Will Wal-Mart Abandon D.C. Plans Over Wage Dispute?


The proposed minimum-wage hike passed its Washington, D.C. City Council vote, and now sits on the desk of Mayor Vincent Gray. If Gray signs the bill into law, it would raise the district’s minimum hourly rate from $8.25 to $12.50. According to Wal-Mart (NYSE:WMT) representatives, it may also mean the retail giant will abandon its ambitious plans for expansion into D.C.

The bill would dictate that all retailers with more than $1 billion in annual sales, or stores of more than 75,000 square feet, would be forced to pay employees the rate of $12.50, more than 50 percent above what smaller companies must pay. After claiming the company was a victim of bait-and-switch tactics from D.C. officials, The L.A. Times reports Wal-Mart may end its enormous project before it ever starts.

“It creates wage standards for a handful of employees while exempting two of the largest,” said Steven Restivo, a Wal-Mart rep. “It’s discriminatory, arbitrary and discourages investment in D.C.,” he added. While D.C. politicians were hoping to raise the standard of living among low-income employees, the six proposed Walmart stores would add close to 1,800 jobs.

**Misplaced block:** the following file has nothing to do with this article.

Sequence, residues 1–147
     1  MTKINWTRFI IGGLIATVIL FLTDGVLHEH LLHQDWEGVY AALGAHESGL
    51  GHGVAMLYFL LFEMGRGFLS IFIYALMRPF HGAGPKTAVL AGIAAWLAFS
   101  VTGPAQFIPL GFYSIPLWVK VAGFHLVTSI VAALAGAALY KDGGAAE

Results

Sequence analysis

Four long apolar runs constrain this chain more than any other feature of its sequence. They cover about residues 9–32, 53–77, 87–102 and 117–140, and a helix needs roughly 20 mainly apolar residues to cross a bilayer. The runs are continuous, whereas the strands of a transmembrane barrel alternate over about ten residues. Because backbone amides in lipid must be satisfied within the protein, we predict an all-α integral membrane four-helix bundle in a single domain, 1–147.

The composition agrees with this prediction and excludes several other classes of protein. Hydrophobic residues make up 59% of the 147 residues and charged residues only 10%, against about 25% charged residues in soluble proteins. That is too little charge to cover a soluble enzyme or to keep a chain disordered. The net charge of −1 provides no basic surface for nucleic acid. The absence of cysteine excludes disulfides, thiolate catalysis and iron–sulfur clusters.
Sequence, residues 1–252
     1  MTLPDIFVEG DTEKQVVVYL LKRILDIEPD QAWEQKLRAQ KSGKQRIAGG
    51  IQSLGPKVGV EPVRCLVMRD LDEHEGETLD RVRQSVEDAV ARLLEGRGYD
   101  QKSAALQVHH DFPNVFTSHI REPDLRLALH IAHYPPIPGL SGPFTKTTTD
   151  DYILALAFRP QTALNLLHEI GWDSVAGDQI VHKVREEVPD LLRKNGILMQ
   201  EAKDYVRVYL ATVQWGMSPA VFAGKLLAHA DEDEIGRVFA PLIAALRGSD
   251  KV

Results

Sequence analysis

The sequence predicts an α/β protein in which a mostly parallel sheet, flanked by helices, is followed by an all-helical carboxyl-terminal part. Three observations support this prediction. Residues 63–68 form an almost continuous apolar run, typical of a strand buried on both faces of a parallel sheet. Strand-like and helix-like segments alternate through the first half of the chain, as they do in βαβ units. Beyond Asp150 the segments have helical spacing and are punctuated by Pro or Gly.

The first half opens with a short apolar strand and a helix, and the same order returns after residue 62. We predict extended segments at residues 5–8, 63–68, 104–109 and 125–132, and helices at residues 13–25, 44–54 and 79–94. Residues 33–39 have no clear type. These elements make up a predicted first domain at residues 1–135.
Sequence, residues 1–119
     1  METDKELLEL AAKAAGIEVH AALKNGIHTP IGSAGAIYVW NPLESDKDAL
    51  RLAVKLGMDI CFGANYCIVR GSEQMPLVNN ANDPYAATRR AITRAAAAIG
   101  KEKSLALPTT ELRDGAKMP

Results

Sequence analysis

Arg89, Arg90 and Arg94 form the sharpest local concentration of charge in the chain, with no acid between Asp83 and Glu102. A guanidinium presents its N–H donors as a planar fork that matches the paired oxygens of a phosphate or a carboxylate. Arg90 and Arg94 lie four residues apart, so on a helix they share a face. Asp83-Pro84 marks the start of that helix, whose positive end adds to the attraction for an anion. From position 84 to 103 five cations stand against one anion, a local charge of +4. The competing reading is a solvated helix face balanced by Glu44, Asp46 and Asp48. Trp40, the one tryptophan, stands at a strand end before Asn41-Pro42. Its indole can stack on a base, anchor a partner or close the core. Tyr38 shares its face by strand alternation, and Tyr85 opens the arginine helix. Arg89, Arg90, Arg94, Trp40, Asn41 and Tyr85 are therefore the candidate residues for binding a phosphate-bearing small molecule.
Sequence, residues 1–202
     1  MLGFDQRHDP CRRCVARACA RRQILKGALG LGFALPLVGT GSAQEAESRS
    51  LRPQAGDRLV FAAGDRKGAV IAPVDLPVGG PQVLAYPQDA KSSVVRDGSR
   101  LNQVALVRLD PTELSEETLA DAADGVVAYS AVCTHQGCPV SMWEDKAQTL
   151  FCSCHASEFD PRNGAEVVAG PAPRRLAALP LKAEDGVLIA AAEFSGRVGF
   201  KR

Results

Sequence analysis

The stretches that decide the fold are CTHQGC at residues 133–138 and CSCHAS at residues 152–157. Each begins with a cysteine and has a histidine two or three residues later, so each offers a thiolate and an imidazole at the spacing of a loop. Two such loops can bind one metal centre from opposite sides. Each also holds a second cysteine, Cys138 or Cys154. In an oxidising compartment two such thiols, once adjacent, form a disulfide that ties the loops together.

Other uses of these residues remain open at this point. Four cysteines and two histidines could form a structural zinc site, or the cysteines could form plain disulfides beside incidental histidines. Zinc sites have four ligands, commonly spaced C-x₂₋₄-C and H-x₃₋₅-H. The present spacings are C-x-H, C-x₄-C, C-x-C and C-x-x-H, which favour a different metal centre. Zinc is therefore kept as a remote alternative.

The Walmart stores would be located in abandoned strip malls and other depressed district locations known as “urban deserts.” Walmart stores would add jobs while offering low-cost goods and services to area residents. Yet uni0n officials don’t see the bargain as worth the cost.

“They can afford it, and they’re worried about other cities saying, ‘You come in here, you ought to pay a living wage,’” said Joslyn Williams, president of a local AFL-CIO chapter. The union factor is significant. Employers who allow employees to organize are exempt from the wage hike. Williams described Wal-Mart Inc’s response to the wage hike as “outright blackmail.”

Mayor Vincent Gray has been trying to find ways to turn around D.C.’s most economically depressed areas and will have to choose between resistance from unions and further delays in reviving the troubled regions of the nation’s capital. Were Gray to veto the bill, it’s unlikely it would be overturned.

Both sides are waiting for the other to blink in what has become a bona fide standoff. Erika Morphy wrote in Forbes that Wal-Mart won’t be called on their bluff, as she expects Gray to veto the bill in short order. Council members supporting the bill see plenty of retailers waiting in the wings should Wal-Mart back out of D.C.

“If Wal-Mart doesn’t make it to the nation’s capital, we’ll find other development projects and continue to work with residents,” said Vincent Orange, who voted for the bill. Wal-Mart said it would leave the partially built stores as is if it decides the project isn’t feasible.

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